540 million years ago, one of our ancient relatives lived between grains of sand on the bottom of the sea, wiggling around and engulfing food. It was a member of the “deuterostomes,” a group that includes everything from starfish and sea urchins, to monkeys and humans. The name means “mouth second,” to differentiate them from protostomes. During the embryonic stage, protostomes form their mouth first, and then anus, while with deuterostomes, it’s vice versa. Why is this group so diverse? What do they have in common? Whether it’s an eagle or an eel, their embryos all develop in the same way, with the anus forming first, followed by the mouth. After that, they branch off into four separate categories known as phyla. Humans belong to the Chordata.
The particular deuterostome newly-discovered in China, the teeny saccorhytus, is usually never fossilized. At the site in China, scientists found 45 of them in a layer of sedimentary rock. Their full name is saccorhytus coronarious, and they have a globular body like a bag and an unusually-large mouth. When they were alive, they would have likely possessed a thin, stretchy skin. It would have wiggled its way around its habitat by flexing its muscles. Its large mouth would have been used to swallow food. Oddly enough, it doesn’t appear to have an anus. Another unusual trait is that it has a set of what can only be described as the earliest form of gills, which would release the water the creature swallowed during feeding. Perhaps this is why it doesn’t need an anus.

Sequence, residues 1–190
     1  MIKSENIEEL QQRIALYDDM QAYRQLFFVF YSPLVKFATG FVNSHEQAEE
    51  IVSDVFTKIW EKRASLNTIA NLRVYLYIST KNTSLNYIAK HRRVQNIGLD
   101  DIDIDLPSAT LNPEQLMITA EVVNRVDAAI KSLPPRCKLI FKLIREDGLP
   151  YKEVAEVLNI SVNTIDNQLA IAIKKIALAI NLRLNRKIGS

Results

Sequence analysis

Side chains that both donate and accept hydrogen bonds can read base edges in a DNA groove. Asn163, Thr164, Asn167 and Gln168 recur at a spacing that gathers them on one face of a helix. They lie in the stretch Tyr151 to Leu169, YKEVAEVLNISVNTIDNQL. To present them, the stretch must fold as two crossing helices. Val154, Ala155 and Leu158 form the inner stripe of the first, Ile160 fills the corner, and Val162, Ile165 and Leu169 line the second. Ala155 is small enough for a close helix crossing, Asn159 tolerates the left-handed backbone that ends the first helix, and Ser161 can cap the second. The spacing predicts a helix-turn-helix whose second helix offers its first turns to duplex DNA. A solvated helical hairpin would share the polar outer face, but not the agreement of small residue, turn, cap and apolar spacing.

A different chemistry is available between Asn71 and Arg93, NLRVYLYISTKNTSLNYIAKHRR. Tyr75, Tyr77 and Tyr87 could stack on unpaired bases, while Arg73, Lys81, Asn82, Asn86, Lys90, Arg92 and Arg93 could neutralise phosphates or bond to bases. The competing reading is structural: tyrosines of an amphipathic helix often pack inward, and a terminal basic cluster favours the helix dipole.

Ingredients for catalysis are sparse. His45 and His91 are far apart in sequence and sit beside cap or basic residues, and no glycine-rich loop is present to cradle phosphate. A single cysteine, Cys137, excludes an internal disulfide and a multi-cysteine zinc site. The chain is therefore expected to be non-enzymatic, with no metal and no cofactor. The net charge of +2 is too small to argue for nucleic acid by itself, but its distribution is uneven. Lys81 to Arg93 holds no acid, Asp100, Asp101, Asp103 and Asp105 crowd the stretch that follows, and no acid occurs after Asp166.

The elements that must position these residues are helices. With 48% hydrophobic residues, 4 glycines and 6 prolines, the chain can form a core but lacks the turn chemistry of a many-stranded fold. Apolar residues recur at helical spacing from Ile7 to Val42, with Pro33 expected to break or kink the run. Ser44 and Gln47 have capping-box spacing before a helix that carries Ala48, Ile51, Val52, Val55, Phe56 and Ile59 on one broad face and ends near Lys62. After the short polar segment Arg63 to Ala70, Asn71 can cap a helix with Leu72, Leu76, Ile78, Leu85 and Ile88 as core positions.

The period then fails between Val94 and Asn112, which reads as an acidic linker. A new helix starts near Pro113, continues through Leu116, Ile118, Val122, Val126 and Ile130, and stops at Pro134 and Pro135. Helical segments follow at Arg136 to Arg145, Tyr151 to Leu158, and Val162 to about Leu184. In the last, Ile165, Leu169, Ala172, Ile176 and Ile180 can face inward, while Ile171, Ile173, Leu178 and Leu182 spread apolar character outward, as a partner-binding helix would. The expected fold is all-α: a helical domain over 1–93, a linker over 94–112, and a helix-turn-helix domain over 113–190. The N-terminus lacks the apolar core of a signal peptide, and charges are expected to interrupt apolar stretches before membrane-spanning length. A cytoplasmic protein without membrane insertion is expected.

Scientists say the creature most likely isn’t our direct ancestor, but it’s the closest we’ve ever seen. Having such well-preserved fossils means scientists can begin to understand more about the earliest evolution of a huge group that includes all the vertebras. Without fossils, it would be nearly impossible to picture what the common ancestor of a group that includes humans, starfish, and birds would look like. The group is so diverse, it’s like trying to solve a puzzle with a million pieces in every imaginable shade, and there’s no picture on the box. The more fossils scientists find, the more is added to the picture, so we start to get a better idea of how all the pieces fit together.
Why does any of this matter, really? Studying ancient fossils of microscopic squishies may seem like nothing more than a very specific waste of time, but mapping out the patterns of evolution can tell us about our future. Evolution hasn’t stopped occurring, and since it moves so slowly we can’t see it in real time, we have to look backwards. Figuring out how and why certain creatures and their traits evolved can help the human race spot anomalies caused by stuff like mutations and climate change, as well as cure diseases and make other advancements in biology. Knowledge is progress, and the saccorhytus fossil is another stepping stone.